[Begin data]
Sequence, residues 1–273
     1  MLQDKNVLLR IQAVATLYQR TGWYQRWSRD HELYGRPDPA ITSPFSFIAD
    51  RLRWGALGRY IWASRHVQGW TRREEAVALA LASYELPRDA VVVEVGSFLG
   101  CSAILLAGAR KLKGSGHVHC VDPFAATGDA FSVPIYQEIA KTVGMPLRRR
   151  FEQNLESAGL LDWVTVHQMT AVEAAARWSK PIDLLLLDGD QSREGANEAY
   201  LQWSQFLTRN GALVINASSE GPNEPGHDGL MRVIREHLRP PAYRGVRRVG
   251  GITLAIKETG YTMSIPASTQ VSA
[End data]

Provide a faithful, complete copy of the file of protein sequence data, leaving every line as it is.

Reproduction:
Sequence, residues 1–273
     1  MLQDKNVLLR IQAVATLYQR TGWYQRWSRD HELYGRPDPA ITSPFSFIAD
    51  RLRWGALGRY IWASRHVQGW TRREEAVALA LASYELPRDA VVVEVGSFLG
   101  CSAILLAGAR KLKGSGHVHC VDPFAATGDA FSVPIYQEIA KTVGMPLRRR
   151  FEQNLESAGL LDWVTVHQMT AVEAAARWSK PIDLLLLDGD QSREGANEAY
   201  LQWSQFLTRN GALVINASSE GPNEPGHDGL MRVIREHLRP PAYRGVRRVG
   251  GITLAIKETG YTMSIPASTQ VSA